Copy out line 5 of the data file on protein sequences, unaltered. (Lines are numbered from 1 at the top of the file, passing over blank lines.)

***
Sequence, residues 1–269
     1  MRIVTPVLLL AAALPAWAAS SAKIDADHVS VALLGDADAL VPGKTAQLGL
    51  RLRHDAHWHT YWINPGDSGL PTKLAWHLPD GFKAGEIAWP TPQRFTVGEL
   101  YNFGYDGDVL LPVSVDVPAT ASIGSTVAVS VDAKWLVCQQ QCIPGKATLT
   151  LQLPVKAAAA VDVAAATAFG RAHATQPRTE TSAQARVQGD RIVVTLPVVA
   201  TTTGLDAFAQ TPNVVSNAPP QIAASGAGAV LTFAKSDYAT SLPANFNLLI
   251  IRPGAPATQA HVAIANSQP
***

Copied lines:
   151  LQLPVKAAAA VDVAAATAFG RAHATQPRTE TSAQARVQGD RIVVTLPVVA